‘LOVE IS A GRIFT’: Now there’s a music video for the theme song!
GRAHAM WYND’s Love is a Grift out from Fox Spirit Books.
Words & Music © 2019 K. A. Laity (Nicnevin Music / ASCAP)
Victoria Squid – Vocals
Julie Beman – Piano
Eric Bloomquist – Bass
Rich Germain – Drums
Brian Slattery – Trombone
Produced and arranged by Julie Beman and Eric Bloomquist
Engineered and mixed by Eric Bloomquist at Cool Ranch Studio
Artwork by S. L. Johnson
Video remix from ‘Sing, Sinner, Sing!’ (1933) by K. A. Laity (via Internet Archive)
FOX SPIRIT: Out today! The amazing Love is a Grift by Graham Wynd!
With fabulous cover by S.L Johnson, this collection offers a fresh take on a classic genre, that begins with obsession and most often ends with death.
And don’t forget to check out the exclusive Love is a Grift music and artwork merchandise!
Love is a Grift can be found in ebook formats in our store here. The paperback can be bought at Amazon (N.B. there seems to be a slight delay with the paperback).
Love is a Grift, the theme song can be heard and purchased at Bandcamp or CDBaby.
Exclusive Love is a Grift merchandise can be found at S. L. Johnson’s store at Tee Public or Red Bubble.
GO BIG OR GO HOME? CHALLENGE ACCEPTED!
Here’s the official page at Fox Spirit: you can buy the ebook direct! The shiny print edition is out tomorrow…
And don’t forget the slinky theme song by Victoria Squid! Champagne and whisky…
AND you can get this sweet cover on a t-shirt thanks to artist S. L. Johnson.
So close! Double release of LOVE IS A GRIFT the book and the song. Here’s the drop-dead gorgeous cover art by S. L. Johnson Images. The book from Fox Spirit and the song will be available at CD Baby (and other places). Dead swanky!
I was sure I had written this up before but I searched for it and didn’t find it. This Sphere edition is so much nicer than the bland corporate packaging of the St Martin’s Griffin edition I did end up buying. When you’re on a Highsmith kick and buying everything, the covers are less important (though still proud to own the kickass edition of This Sweet Sickness).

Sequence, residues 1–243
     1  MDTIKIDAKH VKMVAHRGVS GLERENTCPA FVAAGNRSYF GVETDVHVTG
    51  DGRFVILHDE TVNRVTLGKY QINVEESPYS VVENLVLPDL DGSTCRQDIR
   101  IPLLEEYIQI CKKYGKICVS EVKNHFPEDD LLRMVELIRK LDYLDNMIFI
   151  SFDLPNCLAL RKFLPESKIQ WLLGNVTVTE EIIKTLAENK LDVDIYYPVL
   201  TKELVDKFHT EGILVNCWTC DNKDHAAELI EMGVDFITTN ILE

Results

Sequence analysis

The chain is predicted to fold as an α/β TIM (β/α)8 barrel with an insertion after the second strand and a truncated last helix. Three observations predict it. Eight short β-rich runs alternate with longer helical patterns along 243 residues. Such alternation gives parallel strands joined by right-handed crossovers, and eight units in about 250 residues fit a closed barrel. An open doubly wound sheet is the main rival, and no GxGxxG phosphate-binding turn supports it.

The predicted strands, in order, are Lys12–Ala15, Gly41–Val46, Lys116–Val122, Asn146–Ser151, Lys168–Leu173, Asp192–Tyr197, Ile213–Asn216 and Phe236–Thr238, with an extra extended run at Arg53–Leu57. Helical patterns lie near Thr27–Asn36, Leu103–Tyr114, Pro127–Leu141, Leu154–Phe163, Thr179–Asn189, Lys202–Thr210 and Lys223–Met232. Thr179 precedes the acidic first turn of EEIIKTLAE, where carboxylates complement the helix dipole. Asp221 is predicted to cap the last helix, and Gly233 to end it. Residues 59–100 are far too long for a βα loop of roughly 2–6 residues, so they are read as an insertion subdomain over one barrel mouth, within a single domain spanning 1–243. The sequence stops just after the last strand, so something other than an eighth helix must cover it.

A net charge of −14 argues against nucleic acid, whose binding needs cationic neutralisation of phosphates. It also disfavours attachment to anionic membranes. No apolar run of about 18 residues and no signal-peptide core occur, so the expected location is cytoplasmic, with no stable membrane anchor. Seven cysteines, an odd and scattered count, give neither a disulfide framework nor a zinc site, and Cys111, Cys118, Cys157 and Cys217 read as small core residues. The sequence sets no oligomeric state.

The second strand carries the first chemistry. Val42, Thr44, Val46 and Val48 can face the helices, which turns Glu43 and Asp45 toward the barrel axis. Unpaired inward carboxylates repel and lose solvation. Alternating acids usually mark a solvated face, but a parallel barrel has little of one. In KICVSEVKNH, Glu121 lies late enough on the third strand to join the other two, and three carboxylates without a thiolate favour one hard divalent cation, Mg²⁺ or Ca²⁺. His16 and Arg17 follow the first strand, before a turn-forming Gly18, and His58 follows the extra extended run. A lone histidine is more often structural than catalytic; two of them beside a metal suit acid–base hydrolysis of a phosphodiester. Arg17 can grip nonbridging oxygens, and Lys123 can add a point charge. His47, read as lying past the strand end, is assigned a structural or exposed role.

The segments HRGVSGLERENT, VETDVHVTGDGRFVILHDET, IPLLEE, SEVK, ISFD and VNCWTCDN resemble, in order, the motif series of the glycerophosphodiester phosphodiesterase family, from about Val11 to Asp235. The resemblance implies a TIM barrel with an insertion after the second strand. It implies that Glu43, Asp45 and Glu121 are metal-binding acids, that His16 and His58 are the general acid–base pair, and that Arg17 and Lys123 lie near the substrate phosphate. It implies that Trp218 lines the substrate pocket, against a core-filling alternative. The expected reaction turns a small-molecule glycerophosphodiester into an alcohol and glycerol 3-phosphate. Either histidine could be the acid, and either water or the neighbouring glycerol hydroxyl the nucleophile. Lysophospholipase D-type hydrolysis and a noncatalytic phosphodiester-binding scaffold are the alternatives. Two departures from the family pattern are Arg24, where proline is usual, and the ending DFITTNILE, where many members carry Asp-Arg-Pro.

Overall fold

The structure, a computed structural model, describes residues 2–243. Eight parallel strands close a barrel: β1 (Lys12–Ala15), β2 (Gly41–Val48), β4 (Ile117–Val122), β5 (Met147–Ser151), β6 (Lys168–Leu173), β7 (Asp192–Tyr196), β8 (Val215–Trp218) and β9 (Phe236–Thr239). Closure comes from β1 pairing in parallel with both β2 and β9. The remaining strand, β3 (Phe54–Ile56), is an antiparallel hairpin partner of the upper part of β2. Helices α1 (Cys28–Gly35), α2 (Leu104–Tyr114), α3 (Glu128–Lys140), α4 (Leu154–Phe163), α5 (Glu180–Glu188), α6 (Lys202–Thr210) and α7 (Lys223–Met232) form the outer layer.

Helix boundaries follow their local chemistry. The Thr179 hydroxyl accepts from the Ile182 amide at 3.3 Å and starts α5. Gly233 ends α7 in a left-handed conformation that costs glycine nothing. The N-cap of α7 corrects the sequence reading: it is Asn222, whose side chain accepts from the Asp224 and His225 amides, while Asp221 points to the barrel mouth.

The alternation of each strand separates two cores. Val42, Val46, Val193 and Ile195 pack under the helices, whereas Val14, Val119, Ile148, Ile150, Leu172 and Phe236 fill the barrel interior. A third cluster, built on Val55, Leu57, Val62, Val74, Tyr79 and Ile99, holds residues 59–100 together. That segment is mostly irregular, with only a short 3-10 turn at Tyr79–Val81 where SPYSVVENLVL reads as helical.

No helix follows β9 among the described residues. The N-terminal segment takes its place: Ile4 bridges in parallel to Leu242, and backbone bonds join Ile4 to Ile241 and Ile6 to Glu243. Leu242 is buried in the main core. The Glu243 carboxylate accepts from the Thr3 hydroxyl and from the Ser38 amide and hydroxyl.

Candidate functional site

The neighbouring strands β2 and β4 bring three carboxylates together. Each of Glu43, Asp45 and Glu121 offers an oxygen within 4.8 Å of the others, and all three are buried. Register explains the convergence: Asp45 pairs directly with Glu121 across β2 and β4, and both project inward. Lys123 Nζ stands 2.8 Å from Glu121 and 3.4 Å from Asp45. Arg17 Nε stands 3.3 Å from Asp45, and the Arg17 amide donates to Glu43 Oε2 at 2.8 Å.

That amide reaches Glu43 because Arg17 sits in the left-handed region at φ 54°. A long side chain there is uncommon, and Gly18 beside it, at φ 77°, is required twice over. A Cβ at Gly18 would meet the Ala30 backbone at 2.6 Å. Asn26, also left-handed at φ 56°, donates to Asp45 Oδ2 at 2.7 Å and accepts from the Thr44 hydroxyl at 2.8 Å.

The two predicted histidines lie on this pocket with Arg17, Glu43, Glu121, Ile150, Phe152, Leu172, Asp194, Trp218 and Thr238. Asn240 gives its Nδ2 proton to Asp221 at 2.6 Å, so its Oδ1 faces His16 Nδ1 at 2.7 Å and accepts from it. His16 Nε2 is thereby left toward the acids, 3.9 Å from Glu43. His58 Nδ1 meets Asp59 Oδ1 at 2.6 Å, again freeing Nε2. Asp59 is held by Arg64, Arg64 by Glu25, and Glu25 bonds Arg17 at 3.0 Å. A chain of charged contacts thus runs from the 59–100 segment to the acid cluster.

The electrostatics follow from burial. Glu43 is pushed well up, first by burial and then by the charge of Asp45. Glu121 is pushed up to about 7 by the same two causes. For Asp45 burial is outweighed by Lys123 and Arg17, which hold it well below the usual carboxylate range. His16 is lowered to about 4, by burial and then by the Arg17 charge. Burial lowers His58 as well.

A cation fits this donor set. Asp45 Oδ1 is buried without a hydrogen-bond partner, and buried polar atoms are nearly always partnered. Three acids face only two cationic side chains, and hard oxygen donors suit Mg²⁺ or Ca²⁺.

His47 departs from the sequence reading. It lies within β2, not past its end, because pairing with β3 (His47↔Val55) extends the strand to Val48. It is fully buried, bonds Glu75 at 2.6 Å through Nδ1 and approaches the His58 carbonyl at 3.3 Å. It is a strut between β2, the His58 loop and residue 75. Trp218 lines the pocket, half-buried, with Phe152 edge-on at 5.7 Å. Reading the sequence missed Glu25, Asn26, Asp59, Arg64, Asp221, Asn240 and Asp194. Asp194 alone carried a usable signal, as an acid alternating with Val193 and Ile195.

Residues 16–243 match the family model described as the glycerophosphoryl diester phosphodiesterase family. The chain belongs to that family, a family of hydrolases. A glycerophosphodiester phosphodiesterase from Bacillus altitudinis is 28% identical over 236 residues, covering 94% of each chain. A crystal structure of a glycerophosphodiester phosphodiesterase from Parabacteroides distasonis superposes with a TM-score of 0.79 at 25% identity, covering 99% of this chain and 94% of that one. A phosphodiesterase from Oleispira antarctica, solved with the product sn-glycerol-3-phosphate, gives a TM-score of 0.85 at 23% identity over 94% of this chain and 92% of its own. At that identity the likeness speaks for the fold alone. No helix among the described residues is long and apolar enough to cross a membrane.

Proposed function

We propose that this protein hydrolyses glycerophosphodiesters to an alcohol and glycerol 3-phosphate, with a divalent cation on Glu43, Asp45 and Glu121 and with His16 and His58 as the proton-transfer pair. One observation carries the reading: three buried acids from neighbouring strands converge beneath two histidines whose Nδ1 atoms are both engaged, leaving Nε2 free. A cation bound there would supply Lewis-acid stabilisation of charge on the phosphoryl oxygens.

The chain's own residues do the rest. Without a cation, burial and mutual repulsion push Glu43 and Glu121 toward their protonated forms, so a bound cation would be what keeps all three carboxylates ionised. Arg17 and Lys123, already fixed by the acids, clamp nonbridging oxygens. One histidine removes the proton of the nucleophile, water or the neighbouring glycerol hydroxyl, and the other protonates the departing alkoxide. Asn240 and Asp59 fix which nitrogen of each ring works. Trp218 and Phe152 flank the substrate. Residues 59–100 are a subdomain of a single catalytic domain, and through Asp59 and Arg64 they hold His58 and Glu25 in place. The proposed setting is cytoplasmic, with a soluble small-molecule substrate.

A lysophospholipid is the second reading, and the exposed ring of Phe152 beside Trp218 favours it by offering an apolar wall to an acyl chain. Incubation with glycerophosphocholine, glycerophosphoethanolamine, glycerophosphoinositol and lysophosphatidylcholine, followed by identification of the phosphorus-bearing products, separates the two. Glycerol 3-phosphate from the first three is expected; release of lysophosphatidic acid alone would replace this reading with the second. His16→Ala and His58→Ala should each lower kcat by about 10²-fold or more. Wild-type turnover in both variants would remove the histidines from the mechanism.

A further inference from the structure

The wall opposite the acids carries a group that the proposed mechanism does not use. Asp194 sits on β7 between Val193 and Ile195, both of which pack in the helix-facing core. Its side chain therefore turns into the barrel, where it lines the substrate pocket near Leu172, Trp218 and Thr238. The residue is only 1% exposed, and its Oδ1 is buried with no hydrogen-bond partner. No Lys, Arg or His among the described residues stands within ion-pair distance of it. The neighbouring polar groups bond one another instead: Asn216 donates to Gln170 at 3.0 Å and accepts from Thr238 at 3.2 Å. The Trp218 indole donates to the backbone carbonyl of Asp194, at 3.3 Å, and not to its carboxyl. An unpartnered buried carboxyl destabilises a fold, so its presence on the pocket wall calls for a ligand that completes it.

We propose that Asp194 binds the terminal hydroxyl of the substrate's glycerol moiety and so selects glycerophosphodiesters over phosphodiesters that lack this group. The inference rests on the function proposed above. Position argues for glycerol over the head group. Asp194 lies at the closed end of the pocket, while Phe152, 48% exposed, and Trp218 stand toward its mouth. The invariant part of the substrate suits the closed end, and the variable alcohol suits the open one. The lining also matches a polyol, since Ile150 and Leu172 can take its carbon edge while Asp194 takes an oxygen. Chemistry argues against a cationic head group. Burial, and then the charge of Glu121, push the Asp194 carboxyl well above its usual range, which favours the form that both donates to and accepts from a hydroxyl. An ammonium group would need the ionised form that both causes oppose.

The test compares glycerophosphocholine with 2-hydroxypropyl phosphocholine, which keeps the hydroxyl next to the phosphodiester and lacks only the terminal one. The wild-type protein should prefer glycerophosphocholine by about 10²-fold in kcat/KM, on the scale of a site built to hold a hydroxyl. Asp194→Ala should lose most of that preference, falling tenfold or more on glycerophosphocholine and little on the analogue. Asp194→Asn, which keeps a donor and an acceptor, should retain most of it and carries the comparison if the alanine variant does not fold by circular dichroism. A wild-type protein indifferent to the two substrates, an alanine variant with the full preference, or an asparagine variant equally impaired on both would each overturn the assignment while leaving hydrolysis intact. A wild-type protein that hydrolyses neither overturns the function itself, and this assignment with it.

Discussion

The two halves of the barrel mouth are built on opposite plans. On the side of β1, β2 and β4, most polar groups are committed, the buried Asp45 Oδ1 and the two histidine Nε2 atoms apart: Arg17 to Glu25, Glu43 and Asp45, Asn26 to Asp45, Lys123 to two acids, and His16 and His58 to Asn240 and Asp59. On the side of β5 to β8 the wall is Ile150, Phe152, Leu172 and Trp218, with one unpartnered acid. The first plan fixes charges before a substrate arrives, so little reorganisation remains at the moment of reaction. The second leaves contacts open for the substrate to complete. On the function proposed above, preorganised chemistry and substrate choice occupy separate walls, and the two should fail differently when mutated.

There are two kinds of writers: those who are articulate about the process and those who are not (ditto most arts and artists). Highsmith is not one. If you want a handbook on the topic, this is not the one to teach you. Of course if your publisher offers to pay you to write one, most writers will accept the challenge. But this is not the Highsmith School of Suspense Fiction School, which she recognises. So she turns to the tortured history of her novel The Glass Cell (a good Film for a Friday) in hopes that it will clarify how she does what she does. The case study is so singular that it could hardly be useful in inspiring a budding writer.
Highsmith outlines the evolution of the novel, which ‘was not inspired by any specific story idea but evolved simply out of the desire to write such a book–which is perhaps no bad reason for writing a book’ (chapter 10). She traces the idea from a prisoner’s fan letter (‘I don’t think my books should be in prison libraries’), to reading a book about convicts, to developing intellectual rather than emotional’ threads ‘none of them spectacular’. After that she tries to add some motivation for the characters. A key turns into a dog. What ifs multiply. A wife becomes unfaithful. The first two versions were rejected by her publisher.
‘I thought my story was not bad, but perhaps it could be better. When one thinks this, even faintly, it is best to write it over.’
The interesting part of this book is of course her voice, the anecdotes and the little insights that she may not even realise she’s offering. Speaking of her admiration for Graham Greene Highsmith makes plain her pleasure in reading him. ‘There is no doubt that a study of the whole field of “the best” in suspense writing, whatever that is, can be of benefit professionally to a suspense writer, but I would just as soon not pursue this study.’
Highsmith, in all her ambivalence there — and it’s entertaining.
See all the overlooked gems at Patti Abbott’s blog.
My #Fahrenbruary is kicking off well. A terrific review by Aidan Thorn and this one by Jason Beech (yeah, the old cover still turns up). Thanks, mates!
Thanks to all the book bloggers and Fahrenistas who have taken the Great Grey Beast and transformed into ‘Fahrenbruary’ fun. Check out Fahrenheit chief Chris’ post that will gather all the links as they happen. Reviews, interviews and more coming your way.
Cheers to the folks who made this work! Kudos to all the Fahrenhistas!
The clip actually starts with the stomping ‘Peanut Butter’ and it ends with ‘Diddley Daddy’ but smack in the middle is the song that ought to have been a hit. Also bonus German hipsters dancing.
Courtesy of the British Library from their Punk 1976-8 Exhibit ‘celebrating the 40th anniversary of this exciting musical phenomenon’: http://www.bl.uk/punk-exhibition.
Featured image from the Museum of Sex Punk Lust exhibit.